Markets

AEGIC on tour as part of non-stop fact-finding mission

Liz Wells, March 20, 2024

AEGIC Perth technicians Braiden Hudson, Cassandra Kok and Junhong Ma bake and test products using different varieties of wheat to help ensure Australia is meeting customer requirements.

EVER-CHANGING consumer trends and relentless global competition mean the Australian grain industry can take nothing for granted.

It’s the reason why the Australian Export Grains Innovation Centre has an ongoing dialogue with offshore customers that ensures varieties are being bred and grown to satisfy the needs of millers.

At both of AEGIC’s laboratories the milling of Australian wheat to match specifics from Asian noodle and bread markets has been a focus, but scope for its cookie and cake-baking segment is also being explored.

AEGIC’s Wheat Quality Technical Seminar series is now in full swing, with events this month taking place in Jakarta, Kuala Lumpur, Bangkok, Ho Chi Minh City, Hanoi, and Manila.

At all of them, the AEGIC team will be engaging with representatives from each country’s milling, baking and noodle-manufacturing industries, and encouraging them to give Aussie flour a try for their sweet-baking needs.

In addition to the five-nation tour, AEGIC research scientist Siem Siah recently presented on soft wheat opportunities at the Australian Grains Industry Conference Asia’s Jakarta and Shanghai programs.

Soft wheat ready for resurgence

In decades past, Australia produced a considerable amount of soft wheat for use in the domestic baking industry.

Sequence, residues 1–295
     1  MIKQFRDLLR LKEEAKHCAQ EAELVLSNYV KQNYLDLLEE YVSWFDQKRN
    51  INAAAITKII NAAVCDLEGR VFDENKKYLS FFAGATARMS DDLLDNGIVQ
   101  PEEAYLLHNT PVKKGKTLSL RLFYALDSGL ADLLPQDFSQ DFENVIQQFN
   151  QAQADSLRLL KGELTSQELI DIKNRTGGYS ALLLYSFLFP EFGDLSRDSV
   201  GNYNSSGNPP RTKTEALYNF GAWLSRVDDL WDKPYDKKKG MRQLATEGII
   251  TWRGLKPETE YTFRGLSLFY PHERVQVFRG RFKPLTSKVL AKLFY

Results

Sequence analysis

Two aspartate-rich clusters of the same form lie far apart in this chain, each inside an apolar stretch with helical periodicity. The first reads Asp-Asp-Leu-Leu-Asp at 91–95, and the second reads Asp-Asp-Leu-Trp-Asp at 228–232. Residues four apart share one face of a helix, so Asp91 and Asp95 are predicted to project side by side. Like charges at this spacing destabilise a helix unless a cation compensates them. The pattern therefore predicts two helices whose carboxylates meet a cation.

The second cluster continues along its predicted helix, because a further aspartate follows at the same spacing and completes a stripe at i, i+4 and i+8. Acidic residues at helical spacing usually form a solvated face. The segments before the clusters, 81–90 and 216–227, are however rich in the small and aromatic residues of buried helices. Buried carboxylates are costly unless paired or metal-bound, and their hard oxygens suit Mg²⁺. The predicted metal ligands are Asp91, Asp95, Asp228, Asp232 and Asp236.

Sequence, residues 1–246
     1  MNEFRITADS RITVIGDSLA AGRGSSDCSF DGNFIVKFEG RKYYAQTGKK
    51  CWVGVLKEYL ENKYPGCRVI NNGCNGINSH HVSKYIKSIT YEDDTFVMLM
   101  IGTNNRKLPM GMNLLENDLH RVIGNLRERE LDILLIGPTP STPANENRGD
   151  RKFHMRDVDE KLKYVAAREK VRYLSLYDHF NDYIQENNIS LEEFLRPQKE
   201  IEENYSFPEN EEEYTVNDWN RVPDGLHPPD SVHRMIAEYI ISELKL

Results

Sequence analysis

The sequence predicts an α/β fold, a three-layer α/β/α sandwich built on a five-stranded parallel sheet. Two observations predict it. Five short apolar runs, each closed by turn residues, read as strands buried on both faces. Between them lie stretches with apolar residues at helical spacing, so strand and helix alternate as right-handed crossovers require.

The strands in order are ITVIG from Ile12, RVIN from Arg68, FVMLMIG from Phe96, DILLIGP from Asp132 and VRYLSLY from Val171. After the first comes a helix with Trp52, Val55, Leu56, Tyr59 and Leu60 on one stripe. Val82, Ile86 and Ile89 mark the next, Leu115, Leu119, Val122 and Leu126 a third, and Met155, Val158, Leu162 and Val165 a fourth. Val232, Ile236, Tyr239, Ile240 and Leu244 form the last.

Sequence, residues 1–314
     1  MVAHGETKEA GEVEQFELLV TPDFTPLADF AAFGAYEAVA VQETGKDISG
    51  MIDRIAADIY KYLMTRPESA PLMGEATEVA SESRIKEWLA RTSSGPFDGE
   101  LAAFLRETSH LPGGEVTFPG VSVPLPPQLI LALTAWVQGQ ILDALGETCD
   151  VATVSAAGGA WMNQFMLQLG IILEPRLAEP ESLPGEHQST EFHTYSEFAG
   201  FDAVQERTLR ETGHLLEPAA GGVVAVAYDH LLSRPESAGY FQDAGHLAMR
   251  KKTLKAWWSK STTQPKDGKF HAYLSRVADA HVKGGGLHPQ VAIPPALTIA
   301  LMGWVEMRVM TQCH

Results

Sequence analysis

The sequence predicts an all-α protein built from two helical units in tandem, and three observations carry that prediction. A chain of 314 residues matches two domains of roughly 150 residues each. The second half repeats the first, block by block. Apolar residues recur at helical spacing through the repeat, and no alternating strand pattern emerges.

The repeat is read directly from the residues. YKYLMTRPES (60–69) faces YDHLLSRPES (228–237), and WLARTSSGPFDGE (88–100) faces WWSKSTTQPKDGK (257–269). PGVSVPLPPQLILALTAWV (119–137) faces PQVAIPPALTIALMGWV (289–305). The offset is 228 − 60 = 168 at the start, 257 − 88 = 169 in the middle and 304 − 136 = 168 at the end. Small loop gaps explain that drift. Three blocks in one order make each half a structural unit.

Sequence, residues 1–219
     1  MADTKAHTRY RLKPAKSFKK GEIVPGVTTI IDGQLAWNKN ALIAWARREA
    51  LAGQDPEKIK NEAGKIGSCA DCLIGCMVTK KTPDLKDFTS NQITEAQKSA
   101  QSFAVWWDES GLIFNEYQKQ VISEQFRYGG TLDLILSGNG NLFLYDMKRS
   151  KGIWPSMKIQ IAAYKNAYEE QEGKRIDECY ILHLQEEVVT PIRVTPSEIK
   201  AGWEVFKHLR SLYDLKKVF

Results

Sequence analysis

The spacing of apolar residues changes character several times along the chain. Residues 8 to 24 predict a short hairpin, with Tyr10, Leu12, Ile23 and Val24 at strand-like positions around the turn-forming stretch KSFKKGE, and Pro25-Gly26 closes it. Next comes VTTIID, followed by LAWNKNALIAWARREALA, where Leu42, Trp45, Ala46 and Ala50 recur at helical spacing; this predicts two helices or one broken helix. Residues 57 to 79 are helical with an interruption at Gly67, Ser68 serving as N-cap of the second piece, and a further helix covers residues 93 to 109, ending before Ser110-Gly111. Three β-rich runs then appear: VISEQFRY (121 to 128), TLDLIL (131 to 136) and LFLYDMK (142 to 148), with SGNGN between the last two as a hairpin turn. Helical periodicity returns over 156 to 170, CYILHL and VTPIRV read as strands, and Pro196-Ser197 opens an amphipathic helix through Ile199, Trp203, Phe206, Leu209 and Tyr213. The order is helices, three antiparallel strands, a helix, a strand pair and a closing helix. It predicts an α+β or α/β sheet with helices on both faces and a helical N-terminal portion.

Low in protein and high yielding, it was grown primarily on irrigated country in southern New South Wales, and in higher-rainfall regions of south-eastern Australia, with Rosella the star variety.

By 2012, soft wheat had fallen to around 4pc of the domestic wheat market to reflect more lucrative production options for growers who had switched to Australian Premium White, Australian Hard, and durum, varieties.

All classifications have good export and domestic demand profiles, extending to the stockfeed market for off-spec grades which can be produced during excessively wet or dry seasons, and have displaced soft wheat in many grower rotations.

AEGIC wheat quality technical markets manager Larisa Cato says soft wheat has potential to expand in WA as well as eastern Australia, and increased exports are in AEGIC’s sights.

American soft wheat is dominant in the region but Asian flour millers have told AEGIC they are interested in sourcing from Australia.

“Our advantages are our clean and dry environment; our low-moisture grain immediately speaks value to our customers,” Dr Cato said.

AEGIC intelligence says Australia’s proximity to South-east Asia, and potential for exporters to ship combination cargoes of hard and soft wheat suited to customer needs, could all help build the appeal of Australia as a soft wheat supplier.

It also indicates the annual growth rate in South-east Asia for cakes and cookies is twice that of noodles, which account for most of the market’s current Australian wheat usage.

AEGIC analysis estimates that soft wheat demand in South-east Asia alone could be more than 3 million tonnes by 2030.

Three breeding companies — InterGrain, Australian Grain Technologies, and LongReach — have already increased their investments in breeding soft wheat in WA, where the segregation could be reintroduced in Australia’s biggest wheat-exporting state.

In south-eastern Australia, Dr Cato said export demand could see soft wheat production rebuild from its current state.

“It’s tiny and it’s domestic.”